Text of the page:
Monday, September 28, 2009

Beautiful evening in Cambridge

I don't say this often enough but on Saturday I was really proud of all my children. It was Uncle Simon's birthday and we had arranged to meet up with Mr T's family for a celebration of this event. Following the usual football and dancing shenanigans and errand running, myself and the children awaited the return of Mr T who had gone to pick up his brand new car.

This caused great excitement when he returned and the children took turns hopping in and out of the luxurious leather seats, Heather was thrilled when Mr T put the roof up and is convinced that it is magic! After packing my own car up we were off down the M11, first to visit Grandma and Grandpa. We spent a charming afternoon there wandering down to some springs. The children in wellies took great delight in splashing around the water and even dared themselves to cross the slipper stepping stones with Daddy and Grandpa escorting them. Lucy also loved going in there. Then we went to the park where they climbed, slid and swung their way around the place, we even managed to spot a horse and went to say hello.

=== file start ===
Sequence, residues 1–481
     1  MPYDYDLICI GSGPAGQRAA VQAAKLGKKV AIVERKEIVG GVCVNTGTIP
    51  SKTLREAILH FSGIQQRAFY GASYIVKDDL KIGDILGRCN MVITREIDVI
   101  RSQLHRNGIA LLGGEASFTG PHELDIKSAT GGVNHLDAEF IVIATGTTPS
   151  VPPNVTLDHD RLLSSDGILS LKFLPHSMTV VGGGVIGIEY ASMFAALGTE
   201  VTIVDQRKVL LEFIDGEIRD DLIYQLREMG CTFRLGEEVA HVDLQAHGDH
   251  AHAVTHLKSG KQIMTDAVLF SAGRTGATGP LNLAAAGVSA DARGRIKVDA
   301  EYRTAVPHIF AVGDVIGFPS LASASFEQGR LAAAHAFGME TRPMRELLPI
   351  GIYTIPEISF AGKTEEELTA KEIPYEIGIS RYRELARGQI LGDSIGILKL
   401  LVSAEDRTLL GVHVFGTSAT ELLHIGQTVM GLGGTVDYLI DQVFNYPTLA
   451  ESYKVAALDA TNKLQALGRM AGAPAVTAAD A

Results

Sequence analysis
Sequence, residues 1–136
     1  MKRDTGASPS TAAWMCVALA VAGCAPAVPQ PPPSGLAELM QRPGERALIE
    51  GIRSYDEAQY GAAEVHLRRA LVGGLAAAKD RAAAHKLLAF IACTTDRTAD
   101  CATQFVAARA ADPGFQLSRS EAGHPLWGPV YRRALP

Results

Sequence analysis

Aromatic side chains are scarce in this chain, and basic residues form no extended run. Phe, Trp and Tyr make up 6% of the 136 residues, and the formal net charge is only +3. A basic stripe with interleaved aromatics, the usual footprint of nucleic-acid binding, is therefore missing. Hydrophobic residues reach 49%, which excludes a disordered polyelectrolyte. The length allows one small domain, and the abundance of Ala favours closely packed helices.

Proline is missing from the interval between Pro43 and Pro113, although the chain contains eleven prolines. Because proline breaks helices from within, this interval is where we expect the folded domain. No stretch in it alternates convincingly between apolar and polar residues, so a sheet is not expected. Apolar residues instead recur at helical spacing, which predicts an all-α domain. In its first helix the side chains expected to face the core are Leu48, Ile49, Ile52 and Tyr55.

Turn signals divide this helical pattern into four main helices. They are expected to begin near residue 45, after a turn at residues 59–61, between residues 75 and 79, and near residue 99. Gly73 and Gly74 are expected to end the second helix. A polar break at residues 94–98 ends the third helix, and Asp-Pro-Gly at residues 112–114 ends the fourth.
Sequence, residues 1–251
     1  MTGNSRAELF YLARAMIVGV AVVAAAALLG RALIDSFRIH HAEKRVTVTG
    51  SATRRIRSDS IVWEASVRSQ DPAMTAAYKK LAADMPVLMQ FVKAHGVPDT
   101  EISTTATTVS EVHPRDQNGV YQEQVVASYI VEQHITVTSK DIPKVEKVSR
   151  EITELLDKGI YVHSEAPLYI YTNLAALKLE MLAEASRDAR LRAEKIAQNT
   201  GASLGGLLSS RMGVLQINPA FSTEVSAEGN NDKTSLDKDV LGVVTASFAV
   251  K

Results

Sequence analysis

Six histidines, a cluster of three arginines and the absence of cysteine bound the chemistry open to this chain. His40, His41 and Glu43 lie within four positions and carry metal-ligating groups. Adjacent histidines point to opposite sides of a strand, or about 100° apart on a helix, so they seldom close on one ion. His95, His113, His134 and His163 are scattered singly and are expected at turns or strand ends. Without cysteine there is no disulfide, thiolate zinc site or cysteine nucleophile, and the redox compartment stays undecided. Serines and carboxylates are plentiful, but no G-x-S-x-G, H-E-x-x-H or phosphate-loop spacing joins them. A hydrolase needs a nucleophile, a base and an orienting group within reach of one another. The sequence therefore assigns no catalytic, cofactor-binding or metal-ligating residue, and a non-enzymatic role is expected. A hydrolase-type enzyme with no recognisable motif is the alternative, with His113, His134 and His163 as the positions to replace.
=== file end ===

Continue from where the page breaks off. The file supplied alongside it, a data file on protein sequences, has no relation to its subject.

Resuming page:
Then it was back to Grandma and Grandpa's house, a quick change into more presentable clothes and a trowel to make Mummy look more human and off we went on the drive to Cambridge. As soon as you drive into the town and start to see the cycle paths beside you and the park and ride buses you feel the buzz in the atmosphere. Most city centres are awash with activity on Saturday evenings, as the shops empty restaurants, theatres and pubs begin to fill up. As I struggled to park the car on a busy side street, succeeding eventually we piled out. Near us were several historic buildings, the wide gutters and cobbles reminding us of Cambridge's collegiate history and its beginnings as a market towns. The students weren't around, university doesn't begin until next week and then there will be all sorts of fresher high jinx!

We ended up at Pizza Express which the children (and the adults,) loved. The meal was convivial and as we walked back through the cool evening air to the car, past the hotel where our wedding reception was and back to the car the children listened to what they were told and walked nicely. Throughout the meal they had sat nicely, chatting to the relatives, and here is my tip, buy them a magazine to last in between ordering the meal and its arrival, all three were so busy stickering or pointing to pictures of the characters that time passed us by without a hitch. They ate nicely and didn't make pests of themselves in the restaurant and as I sat watching them I couldn't help but feel a sense of pride, they were my children and were setting a great example!